Mary Washington

August 18, 2007 at 10:17 am (Uncategorized)

I attribute my success in life to the moral, intellectual and physical education
which I received from my mother. 
–George Washington 1732-1799

In yesterdays post I ended with the above quote from George Washington about his Mother.  Last night after I went to bed I lay awake thinking about Mary Washington.  I vaugely remember reading the book George Washington’s Mother with my oldest son several years ago. (It was part of our Sonlight .) Off the top of my head the thing I remember about her from the book was that she was spunky and marched to the beat of her own drummer!  But what could I as a homeschool Mom like me learn from her? That quote from her son would be quite flattering of any mother, but considering who said it I was really intrigued.  So here are a few things I read about her online that I thought might help me to be a better homeschool Mom…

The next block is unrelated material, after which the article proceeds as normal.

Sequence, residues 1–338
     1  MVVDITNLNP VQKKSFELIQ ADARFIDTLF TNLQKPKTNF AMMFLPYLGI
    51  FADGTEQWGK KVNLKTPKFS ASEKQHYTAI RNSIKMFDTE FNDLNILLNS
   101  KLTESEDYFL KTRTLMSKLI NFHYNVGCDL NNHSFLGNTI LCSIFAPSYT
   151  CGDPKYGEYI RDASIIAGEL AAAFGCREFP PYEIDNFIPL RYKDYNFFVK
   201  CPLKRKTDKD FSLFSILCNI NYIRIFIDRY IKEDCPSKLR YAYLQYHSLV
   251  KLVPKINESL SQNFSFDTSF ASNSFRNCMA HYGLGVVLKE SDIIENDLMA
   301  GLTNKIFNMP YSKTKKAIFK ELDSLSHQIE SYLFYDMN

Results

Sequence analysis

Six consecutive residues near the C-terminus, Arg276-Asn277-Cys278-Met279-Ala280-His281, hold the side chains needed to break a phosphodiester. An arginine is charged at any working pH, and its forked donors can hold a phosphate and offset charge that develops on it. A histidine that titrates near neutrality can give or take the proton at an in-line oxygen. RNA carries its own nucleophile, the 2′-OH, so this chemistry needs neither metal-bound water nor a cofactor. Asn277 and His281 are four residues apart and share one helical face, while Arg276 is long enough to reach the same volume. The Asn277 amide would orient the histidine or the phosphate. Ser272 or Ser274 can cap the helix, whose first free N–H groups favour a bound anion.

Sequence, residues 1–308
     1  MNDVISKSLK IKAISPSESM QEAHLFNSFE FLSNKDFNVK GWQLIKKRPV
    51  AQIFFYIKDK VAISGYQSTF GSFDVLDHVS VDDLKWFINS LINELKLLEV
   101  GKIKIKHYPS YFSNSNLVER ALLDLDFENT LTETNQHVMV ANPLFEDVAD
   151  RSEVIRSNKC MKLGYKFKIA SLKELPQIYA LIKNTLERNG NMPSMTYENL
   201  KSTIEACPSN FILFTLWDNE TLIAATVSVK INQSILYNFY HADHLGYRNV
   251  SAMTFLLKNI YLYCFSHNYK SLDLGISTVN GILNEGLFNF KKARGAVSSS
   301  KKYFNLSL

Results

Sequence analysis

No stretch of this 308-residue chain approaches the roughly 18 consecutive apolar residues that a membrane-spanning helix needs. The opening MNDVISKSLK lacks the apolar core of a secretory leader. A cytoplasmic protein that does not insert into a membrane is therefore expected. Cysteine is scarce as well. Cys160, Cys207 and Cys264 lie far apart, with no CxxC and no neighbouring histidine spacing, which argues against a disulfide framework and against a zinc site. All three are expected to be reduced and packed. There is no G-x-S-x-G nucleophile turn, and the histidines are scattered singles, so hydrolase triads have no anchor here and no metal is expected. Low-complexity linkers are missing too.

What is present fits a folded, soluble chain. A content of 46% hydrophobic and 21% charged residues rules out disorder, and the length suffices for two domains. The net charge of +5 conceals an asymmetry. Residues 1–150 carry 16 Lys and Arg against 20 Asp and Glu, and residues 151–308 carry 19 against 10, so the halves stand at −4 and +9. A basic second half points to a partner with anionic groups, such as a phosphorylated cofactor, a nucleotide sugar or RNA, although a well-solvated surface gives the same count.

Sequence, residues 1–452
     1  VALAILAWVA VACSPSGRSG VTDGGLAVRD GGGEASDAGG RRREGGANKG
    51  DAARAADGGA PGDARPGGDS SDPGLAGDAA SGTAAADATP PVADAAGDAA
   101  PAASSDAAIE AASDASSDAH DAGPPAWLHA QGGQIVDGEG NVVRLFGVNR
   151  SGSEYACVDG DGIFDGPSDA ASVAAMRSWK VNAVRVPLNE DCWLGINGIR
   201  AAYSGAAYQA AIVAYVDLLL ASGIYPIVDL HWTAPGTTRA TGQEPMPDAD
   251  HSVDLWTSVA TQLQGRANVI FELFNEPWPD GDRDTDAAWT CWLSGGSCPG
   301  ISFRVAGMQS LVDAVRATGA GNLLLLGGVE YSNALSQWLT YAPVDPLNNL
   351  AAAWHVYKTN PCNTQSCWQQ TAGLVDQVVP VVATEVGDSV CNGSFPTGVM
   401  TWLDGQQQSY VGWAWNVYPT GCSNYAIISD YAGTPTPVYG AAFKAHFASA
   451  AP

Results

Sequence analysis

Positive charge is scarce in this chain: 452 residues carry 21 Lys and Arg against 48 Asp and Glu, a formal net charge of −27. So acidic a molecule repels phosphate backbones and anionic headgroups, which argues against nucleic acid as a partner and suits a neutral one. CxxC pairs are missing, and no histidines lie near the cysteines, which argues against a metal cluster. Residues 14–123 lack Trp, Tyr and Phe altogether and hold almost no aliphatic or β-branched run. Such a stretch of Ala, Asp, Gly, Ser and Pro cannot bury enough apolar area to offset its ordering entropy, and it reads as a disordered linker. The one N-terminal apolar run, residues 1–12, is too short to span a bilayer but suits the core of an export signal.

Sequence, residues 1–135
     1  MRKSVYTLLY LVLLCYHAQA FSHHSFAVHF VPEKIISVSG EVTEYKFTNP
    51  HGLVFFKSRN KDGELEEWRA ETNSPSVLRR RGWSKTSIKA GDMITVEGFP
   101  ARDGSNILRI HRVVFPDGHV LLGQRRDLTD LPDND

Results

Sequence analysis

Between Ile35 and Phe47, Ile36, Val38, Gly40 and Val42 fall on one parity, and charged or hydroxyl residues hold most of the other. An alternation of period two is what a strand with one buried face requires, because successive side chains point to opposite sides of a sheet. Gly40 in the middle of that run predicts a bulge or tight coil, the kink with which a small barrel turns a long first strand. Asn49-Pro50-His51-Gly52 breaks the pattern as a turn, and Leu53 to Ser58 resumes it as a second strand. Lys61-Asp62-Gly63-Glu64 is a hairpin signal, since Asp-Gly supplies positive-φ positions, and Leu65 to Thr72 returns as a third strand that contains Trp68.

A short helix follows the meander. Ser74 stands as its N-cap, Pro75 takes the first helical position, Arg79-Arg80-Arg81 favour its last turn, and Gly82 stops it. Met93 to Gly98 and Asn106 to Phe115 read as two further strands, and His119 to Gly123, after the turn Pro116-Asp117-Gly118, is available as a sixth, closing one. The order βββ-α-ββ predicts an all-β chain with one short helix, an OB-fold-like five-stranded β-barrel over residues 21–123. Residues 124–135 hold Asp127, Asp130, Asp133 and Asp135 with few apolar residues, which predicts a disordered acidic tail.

"Mary Ball Washington. Her rather unconventional and, at times, eccentric"

Whew, I found this one comforting! the Mother of the Father of our Country was an outside the box kind of person!  Now I can relate to that! I like her already!

"As Ms. Fritz puts it, Mary Washington had "a mind of her own" "

It is okay to have a mind of your own! Having a mind of your own is an essential element to being a homeschool mother! You need a mind of your own in order to follow a path that is quite different than the one most people follow. It is nice to know we are in good company with Mary Washington!

"– she liked the isolation of the family farm near Fredricksburg, hated getting dressed up, and preferred to spend her time fishing with her first and favorite son, George, or rocking on the porch, smoking her pipe, gardening, or baking batches of her famous gingerbread for George and his four siblings. "

As homeschool mother’s we are frequently home.  It is good to know that to raise a child for greatness you do not have to go out and conquer the world.  You can be home, dressed in what you are comfortable in, sharing who you are with your children.  Being available to them.  I would have loved to been a fly on the wall for some of the conversations that surely took place while she was rocking in her chair smoking her pipe!  (Now I don’t want to catch any of you smoking a pipe on your porch!  LOL)